The College provides baseline support for centralized data storage as well as backup and restore services. CoC administrative, research and instructional data is stored on centralized file and database servers and then protected with enterprise-grade data backups systems.
Each CoC user account has an associated home directory which is mounted automatically upon successful authentication and authorization to a TSO managed computer (e.g. Windows, Linux, Mac). The home directory may be used for general-purpose file storage. The default quota for CoC faculty is 8GB and the default is 4GB for CoC graduate students.
Remote Data Access
CoC home directories and research/instructional file shares can be access remotely via SSH or SMB.
Instructional and Research Data Storage Management
Instructional data is allocated to faculty and classes on a per-semester request basis. Please see our Instructional Computing service page for information about how to request instructional data resources. For research needs, CoC faculty purchase file servers for additional storage to support their specialized activities. Please see our Research Computing service page for information about research data resources, or contact the TSO Help Desk to request access.
Administrative File and Database Service
Administrative files and databases are centralized on a secure server in the CoC data center. Access is granted on a need-to-know basis to CoC faculty and staff based on job duties. Contact the TSO Help Desk to request access and instructions for CoC files and databases.
Sensitive Data Storage
To accomplish the education, research, and business objectives of Georgia Tech, employees require access to computer systems and services where protected Institute administrative data is stored. This activity carries an implicit trust that the user will be vigilant in the appropriate use and disposal of that information. The improper maintenance, disposal, or release of administrative data exposes our Institute to significant risk. A security breach violates individual privacy, compromises the Institute’s reputation, and brings the potential for lawsuits and other recriminations. Faculty, staff, and student workers who possess or have access to university administrative data are custodians of this data, and bear responsibility for its use or misuse. Everyone should be aware of the following policies, procedures and guidelines with regard to sensitive Institute data:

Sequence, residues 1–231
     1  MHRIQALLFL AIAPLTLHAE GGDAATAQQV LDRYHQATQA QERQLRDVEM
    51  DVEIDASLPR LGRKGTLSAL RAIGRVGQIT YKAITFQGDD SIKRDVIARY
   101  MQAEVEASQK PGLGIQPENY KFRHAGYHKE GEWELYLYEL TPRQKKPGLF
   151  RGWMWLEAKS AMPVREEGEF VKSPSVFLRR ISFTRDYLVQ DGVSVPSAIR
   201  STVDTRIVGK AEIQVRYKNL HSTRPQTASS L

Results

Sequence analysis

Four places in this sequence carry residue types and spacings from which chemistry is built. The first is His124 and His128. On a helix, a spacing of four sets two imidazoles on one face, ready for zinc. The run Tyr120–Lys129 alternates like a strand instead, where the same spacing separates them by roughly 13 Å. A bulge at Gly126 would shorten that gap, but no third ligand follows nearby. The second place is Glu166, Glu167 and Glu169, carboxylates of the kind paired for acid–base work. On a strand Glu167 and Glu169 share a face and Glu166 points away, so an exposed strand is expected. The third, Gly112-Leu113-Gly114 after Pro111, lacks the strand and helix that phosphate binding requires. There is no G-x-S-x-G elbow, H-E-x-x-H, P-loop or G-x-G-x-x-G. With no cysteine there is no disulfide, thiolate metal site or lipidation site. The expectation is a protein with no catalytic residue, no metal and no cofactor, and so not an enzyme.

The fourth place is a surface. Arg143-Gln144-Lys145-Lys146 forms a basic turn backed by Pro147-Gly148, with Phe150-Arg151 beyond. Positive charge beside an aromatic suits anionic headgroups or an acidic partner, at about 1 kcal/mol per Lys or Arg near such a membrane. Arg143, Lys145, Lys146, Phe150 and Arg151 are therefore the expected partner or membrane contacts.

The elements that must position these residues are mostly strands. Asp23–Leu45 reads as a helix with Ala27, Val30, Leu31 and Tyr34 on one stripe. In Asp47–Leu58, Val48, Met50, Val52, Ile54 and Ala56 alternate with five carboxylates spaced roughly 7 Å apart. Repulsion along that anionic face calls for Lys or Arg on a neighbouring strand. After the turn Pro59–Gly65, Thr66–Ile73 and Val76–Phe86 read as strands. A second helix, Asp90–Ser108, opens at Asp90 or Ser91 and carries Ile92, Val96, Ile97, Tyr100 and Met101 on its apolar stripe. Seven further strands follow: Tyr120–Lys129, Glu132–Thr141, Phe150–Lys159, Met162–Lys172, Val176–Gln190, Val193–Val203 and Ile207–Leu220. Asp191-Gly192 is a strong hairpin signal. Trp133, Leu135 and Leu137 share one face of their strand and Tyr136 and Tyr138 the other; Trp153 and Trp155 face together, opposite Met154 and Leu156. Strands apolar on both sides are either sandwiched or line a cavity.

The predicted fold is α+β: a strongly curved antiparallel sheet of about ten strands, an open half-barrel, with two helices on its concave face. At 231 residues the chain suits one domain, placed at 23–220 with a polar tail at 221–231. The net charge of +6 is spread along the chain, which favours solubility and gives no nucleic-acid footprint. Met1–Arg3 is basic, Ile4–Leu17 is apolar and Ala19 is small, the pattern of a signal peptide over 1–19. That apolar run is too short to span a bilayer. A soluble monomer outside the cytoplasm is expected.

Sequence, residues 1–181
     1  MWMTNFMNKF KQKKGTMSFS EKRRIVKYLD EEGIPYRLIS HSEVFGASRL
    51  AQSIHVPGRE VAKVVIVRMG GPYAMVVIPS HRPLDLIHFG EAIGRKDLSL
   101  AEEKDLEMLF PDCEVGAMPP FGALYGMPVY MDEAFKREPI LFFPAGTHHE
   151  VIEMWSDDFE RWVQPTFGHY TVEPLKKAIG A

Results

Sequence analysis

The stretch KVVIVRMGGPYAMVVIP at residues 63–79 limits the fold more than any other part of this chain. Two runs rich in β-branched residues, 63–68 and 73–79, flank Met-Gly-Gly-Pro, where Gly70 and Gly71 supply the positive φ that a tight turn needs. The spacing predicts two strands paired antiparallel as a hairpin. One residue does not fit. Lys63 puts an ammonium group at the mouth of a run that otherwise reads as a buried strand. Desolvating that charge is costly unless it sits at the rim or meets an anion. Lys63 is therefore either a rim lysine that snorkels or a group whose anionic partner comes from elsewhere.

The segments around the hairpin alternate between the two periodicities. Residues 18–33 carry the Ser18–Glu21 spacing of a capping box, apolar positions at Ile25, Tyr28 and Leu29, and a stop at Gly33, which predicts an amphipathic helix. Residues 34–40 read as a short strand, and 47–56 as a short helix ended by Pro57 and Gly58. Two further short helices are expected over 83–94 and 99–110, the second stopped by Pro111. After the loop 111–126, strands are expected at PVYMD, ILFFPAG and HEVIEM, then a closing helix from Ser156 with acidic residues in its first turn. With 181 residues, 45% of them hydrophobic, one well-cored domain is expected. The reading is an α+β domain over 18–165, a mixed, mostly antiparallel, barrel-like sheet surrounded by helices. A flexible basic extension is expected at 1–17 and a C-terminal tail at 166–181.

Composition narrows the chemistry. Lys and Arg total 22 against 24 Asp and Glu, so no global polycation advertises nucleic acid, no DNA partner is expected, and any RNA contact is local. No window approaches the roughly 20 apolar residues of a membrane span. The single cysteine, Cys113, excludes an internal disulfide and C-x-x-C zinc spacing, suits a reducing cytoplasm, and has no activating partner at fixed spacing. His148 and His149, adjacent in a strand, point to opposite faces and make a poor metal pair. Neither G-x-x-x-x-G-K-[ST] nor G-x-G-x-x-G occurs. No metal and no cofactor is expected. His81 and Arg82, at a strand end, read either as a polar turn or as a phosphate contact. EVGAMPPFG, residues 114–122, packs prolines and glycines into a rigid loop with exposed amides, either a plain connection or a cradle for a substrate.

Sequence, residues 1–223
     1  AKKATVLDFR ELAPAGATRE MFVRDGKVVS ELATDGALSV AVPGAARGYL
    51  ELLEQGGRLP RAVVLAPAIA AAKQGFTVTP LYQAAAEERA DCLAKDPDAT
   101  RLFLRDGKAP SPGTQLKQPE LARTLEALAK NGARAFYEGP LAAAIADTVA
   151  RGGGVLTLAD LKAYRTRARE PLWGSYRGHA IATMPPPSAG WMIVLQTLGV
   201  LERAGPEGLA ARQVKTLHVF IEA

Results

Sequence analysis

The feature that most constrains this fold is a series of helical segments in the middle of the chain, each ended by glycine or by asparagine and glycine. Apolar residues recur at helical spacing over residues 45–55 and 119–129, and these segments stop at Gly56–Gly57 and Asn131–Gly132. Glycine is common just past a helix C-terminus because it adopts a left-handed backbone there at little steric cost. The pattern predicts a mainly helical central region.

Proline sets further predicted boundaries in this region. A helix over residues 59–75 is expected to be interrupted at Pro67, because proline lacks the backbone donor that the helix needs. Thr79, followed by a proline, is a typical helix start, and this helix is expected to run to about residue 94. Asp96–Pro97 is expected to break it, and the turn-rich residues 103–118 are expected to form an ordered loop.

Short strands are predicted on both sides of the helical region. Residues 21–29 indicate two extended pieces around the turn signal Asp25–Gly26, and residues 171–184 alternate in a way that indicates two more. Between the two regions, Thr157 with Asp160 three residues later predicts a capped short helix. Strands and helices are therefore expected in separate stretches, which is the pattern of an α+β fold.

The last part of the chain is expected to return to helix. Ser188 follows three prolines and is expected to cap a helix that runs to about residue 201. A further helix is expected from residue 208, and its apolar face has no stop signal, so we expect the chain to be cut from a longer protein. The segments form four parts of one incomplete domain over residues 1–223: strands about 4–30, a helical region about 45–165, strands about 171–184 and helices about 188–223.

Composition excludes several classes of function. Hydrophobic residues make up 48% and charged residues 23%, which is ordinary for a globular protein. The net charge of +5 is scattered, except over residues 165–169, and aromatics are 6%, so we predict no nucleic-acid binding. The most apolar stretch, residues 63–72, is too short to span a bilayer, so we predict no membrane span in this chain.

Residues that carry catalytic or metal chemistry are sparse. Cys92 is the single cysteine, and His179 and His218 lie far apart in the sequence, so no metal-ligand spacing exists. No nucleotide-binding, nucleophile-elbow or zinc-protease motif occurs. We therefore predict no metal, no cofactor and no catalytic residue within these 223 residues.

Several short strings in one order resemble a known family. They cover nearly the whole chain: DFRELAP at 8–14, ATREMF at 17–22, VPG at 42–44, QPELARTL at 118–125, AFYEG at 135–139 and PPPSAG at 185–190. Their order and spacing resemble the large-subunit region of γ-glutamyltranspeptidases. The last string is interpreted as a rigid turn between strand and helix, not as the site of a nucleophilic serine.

- GT Data Access Policy (DAP)
- Data Access Procedures
- Data Access Policy Guidelines
- Data Access FAQs
- Data Protection Safeguards
- Data Security Classification Handbook
- Encryption Standard
- Think Twice Before Using Cloud for Work Purposes
Backups & Recovery
TSO provides various options in our Backup service for GT owned servers, desktops and laptops.
- Crashplan - GT owned Windows and Mac OS Desktops and laptops only
- Borg(matic) - TSO managed infrastructure, instruction and research servers
- Sanoid/Syncoid - ZFS based storage servers
- Rsync - non-ZFS based large storage servers
Only TSO managed servers in data centers are backed up using one of the above backup services.
Similar to Internet cloud backup offerings, TSO's hosted service places a limit on the total amount of backup data storage. TSO provides 5TB of backup storage per research server (not per user); more space may be available on a case-by-case basis. The current retention period is 6 months.
GT Owned Windows and MacOS Desktops and Laptops
Georgia Tech provides CrashPlan client software licenses to CoC faculty and staff with GT-owned computing devices, such as laptops and desktops. Crashplan is a cloud based service.
Before you can use CrashPlan, please notify email@example.com of your intention, so we can configure your GT account accordingly.
Please to refer to our How-to section for download and installation information.
TSO currently does not offer a database backup service (e.g. MySQL, Postgres, etc.). While Borg does its best to backup files that are in use, it is difficult to get full backups of databases in their default configuration due to the rate they changed and operating system file locking. Most modern databases have solved this problem by allowing for the creation of periodic snapshots of the live database and intermediate logs of all transactions to the database. Databases configured this way can be restored from the most recent snapshot and the transaction logs can be replayed to return the database to nearly its pre-restore state. Borg can easily backup these files and TSO is working on a set of guidelines for the community to ensure proper database configuration.
How to Request a File Restore
To request a restore, send email to helpdesk@cc (see Obtaining Help from TSO Staff Members). Please include the complete path name(s) of the affected file(s), such as servername:/usr/local/program/file. If you can possibly supply it, the approximate range of time in which the file was in a known good state can also be very helpful. Given bandwidth and resource scheduling limitations, please understand that it can take several hours to restore a directory. Please let us know the level of urgency of your request.